Mexico City, May 6, 2015–The body of Veracruz radio journalist Armando Saldaña Morales was found on Monday in the neighboring Mexican state of Oaxaca, according to the Oaxaca state attorney general’s office and news reports. The journalist had been shot dead, the reports said. The Committee to Protect Journalists condemns the murder and calls on authorities to identify the motive in the killing and ensure the perpetrators are held to account.
“Journalists have paid a high price for reporting the news in Mexico–they are routinely murdered or disappeared with total impunity,” said Carlos Lauría, CPJ’s senior program coordinator for the Americas, from New York. “Federal authorities must fully investigate this crime, look deeply into Armando Saldaña Morales’ reporting as a possible motive, and bring those responsible to justice.”
Saldaña’s body was found alongside an abandoned white pickup truck without license plates at around 3:40 p.m. in the municipality of Acatlán de Pérez Figueroa, 220 miles southeast of Mexico City and just across the state border of Veracruz where Saldaña lived, according to press reports. He was shot four times in the head and his body showed signs of abuse, the local press said.
Saldaña, 52, hosted a Saturday news show at the radio station La Ke Buena 100.9 FM in the town of Tierra Blanca, in Veracruz state. Octavio Bravo Bravo, Saldaña’s colleague at the station, told CPJ that he last saw the journalist on Saturday in Veracruz. The local newspaper Crónica de Tierra Blanca reported that Saldaña disappeared after a party. Another report by El Mundo said that Saldaña was intercepted by gunmen as he headed home.
Oaxaca officials said they were investigating Saldaña’s murder, but that they didn’t have any leads, according to news reports.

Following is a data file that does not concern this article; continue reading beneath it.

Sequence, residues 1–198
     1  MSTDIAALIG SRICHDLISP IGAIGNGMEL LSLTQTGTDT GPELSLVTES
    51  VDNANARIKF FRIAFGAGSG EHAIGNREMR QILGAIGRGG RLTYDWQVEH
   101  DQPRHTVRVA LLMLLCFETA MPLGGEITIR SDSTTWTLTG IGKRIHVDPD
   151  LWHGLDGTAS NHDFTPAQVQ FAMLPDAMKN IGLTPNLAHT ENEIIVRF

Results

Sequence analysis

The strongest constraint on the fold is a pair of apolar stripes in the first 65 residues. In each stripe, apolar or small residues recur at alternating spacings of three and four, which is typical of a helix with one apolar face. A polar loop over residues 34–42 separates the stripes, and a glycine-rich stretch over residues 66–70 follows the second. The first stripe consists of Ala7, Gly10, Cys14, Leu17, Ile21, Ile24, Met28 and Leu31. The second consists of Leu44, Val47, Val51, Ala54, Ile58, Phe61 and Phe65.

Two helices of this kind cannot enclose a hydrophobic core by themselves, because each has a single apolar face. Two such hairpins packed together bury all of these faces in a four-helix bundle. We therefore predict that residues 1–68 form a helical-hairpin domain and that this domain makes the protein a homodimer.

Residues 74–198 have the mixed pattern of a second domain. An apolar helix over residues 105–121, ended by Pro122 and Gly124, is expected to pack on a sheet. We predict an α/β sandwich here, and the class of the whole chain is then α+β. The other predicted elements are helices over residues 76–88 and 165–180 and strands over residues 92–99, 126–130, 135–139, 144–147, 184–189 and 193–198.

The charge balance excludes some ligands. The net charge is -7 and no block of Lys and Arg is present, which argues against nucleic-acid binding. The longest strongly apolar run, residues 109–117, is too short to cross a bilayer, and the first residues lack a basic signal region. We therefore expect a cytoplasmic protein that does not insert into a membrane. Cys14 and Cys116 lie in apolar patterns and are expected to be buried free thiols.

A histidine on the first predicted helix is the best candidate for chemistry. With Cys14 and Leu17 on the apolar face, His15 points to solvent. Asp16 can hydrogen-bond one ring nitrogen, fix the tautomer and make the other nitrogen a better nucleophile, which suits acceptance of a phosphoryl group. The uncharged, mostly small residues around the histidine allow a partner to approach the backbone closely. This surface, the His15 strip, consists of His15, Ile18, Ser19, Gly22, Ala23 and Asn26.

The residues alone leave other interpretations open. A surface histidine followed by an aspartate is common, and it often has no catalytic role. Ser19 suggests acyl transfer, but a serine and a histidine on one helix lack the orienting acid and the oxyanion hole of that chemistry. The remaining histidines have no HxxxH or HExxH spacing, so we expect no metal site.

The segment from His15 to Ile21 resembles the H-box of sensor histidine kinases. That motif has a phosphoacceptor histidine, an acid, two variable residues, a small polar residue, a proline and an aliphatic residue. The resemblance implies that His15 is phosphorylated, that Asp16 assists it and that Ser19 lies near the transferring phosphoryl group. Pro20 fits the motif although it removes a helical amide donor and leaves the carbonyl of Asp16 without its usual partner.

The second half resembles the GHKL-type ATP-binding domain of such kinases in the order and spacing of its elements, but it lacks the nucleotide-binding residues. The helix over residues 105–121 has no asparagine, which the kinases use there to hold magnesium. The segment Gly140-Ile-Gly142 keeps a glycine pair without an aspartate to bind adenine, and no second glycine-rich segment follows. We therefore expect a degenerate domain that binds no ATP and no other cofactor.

In the days leading up to his death, Saldaña had reported on air about the alleged theft by organized crime members of petroleum products from pipelines belonging to Petróleos Mexicanos, or Pemex, the state oil company, Bravo Bravo told CPJ. Theft from pipelines plagues Pemex and often involves organized crime and cartels such as Los Zetas.
Organized crime, Bravo Bravo said, is rife in the Tierra Blanca region and is a topic on which journalists tend to stay silent, offering only basic details and not naming names. Saldaña pushed the envelope further than most, Bravo Bravo said. “Among ourselves, we self-censor. You put your life at risk and that of your family, too,” he said. “I knew him as an earnest person: hard working, serious, responsible, very professional and competent. I don’t know what happened.”
Investigating thefts from pipelines has brought danger for journalists in Mexico before, according to CPJ research. In August 2014, freelance journalist Octavio Rojas Hernández, who worked for two months for the Veracruz newspaper El Buen Tono, was shot dead after being lured from his home in San José Cosala, Oaxaca, by an individual who said he wanted to purchase his car, news reports said. Two days before his death, El Buen Tono had published a story on the army and Oaxaca state police breaking up a local ring accused of siphoning gas from pipelines belonging to Pemex. Rojas was the only El Buen Tono correspondent in the area.
Veracruz is one of the most dangerous states in Mexico for the press. Four other Veracruz journalists have been killed in direct relation to their work since 2011, according to CPJ research. CPJ is investigating the deaths of at least six other Veracruz journalists in unclear circumstances. At least three journalists have disappeared in the state in the same time period. In the past, Governor Duarte’s government has sought to dismiss any possible link between journalists’ murders and their profession.
Violence tied to drug trafficking has made Mexico one of the most dangerous countries in the world for the press, according to CPJ research. More than 50 journalists have been killed or have disappeared since 2007. The country was ranked seventh on CPJ’s 2014 Impunity Index, which spotlights countries where journalists are slain and the killers go free.
- For more data and analysis, visit CPJ’s Attacks on the Press.